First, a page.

The Boston Globe reports:
Call it the ‘Partners Effect:’
Elite hospitals are paid much more for care that is often no better than average. It is the best kept secret in Massachusetts medicine.
Behind the rankings
To walk the gleaming corridors of Partners’ flagship hospitals is to tour a Hippocratic Hall of Fame: Dr. William Morton first demonstrated the use of anesthesia in surgery at Mass. General in 1846. Dr. Joseph Murray carried out the first successful organ transplant at the Brigham in 1954. Today, the two hospitals manage one of the largest biomedical research budgets in the country, carrying out cutting-edge studies on everything from AIDS to arthritis and attracting patients from all over the world.
But the high-end procedures that make the Brigham and Mass. General so famous are not their bread and butter. Eighty-five percent of the time their doctors are performing the same less glamorous medicine that occupies most other hospitals: delivering babies, repairing hernias, treating pneumonia.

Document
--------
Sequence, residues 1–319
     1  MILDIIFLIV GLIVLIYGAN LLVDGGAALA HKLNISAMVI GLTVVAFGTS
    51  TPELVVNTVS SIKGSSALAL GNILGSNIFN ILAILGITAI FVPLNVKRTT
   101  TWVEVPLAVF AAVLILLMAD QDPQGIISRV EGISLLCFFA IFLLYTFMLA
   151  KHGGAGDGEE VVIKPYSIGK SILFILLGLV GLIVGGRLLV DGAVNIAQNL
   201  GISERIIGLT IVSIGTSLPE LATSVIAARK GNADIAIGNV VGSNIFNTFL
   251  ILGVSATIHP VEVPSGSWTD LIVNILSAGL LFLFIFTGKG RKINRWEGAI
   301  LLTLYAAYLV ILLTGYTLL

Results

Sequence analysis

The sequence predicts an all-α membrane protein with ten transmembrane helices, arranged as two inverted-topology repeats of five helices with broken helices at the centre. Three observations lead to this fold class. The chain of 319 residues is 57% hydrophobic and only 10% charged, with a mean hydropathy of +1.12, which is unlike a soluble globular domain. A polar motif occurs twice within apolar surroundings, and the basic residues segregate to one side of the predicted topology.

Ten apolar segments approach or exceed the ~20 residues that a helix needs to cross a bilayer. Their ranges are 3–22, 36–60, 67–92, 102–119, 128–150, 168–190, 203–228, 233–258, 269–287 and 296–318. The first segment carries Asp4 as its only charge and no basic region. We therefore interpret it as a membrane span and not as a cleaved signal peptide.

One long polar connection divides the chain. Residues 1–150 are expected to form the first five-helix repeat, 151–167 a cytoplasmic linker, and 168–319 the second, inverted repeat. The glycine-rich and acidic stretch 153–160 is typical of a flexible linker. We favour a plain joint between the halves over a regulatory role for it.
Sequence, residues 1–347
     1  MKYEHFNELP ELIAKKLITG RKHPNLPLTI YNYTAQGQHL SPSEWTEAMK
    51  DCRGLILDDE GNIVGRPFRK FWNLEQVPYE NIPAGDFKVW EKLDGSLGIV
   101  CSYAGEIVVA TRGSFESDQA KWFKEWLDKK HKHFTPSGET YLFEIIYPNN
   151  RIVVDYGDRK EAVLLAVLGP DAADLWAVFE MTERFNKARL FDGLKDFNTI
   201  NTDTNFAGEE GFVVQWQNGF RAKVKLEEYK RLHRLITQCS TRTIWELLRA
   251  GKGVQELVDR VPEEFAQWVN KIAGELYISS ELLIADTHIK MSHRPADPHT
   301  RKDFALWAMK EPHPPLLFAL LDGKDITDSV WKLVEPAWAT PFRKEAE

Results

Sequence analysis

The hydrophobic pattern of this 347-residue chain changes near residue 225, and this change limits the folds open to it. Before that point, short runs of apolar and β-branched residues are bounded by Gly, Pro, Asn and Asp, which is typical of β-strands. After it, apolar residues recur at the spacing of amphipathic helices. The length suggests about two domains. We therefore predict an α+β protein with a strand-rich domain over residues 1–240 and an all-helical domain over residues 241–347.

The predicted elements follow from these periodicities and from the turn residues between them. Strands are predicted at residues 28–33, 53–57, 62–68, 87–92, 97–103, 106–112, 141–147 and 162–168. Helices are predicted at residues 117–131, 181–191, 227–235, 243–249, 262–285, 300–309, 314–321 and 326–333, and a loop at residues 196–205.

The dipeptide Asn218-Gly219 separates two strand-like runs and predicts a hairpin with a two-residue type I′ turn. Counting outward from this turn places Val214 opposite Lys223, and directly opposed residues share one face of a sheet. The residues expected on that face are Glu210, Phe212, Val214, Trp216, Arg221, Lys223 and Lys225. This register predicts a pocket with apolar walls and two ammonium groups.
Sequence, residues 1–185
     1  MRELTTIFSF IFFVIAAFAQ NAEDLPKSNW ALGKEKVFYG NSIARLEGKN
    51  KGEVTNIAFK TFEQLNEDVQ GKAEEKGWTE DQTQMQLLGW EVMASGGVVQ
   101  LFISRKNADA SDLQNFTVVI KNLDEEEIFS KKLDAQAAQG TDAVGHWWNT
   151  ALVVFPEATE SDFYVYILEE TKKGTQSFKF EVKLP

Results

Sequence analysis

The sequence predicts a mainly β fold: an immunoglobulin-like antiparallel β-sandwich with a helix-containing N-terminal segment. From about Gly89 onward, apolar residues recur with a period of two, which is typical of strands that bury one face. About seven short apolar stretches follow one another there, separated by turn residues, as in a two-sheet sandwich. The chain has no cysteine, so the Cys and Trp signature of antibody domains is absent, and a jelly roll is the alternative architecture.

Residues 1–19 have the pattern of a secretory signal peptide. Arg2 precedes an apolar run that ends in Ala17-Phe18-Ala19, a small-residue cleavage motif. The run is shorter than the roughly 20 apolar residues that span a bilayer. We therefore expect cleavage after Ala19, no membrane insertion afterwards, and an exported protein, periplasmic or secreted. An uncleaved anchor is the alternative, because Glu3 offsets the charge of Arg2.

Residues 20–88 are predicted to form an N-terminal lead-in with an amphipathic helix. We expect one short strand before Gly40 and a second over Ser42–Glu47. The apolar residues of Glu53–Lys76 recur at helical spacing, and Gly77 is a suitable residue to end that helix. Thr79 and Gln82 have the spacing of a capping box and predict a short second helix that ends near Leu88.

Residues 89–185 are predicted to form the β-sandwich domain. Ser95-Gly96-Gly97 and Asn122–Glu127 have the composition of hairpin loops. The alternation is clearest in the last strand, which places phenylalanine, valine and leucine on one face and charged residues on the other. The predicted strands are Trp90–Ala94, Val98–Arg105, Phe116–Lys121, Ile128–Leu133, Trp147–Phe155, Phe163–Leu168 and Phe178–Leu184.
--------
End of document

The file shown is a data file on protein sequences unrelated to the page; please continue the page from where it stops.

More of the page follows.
And it is there, in the workaday world of hospital care, that the hospitals’ reputation for unmatched excellence fades – and with it much of the rationale for the higher payments they receive for such treatments. The growing, if still inadequate, body of data available about hospital quality paints a fairly consistent picture of the care at the Brigham and Mass. General: often good, but rarely extraordinary, and sometimes inferior to the care available at other hospitals.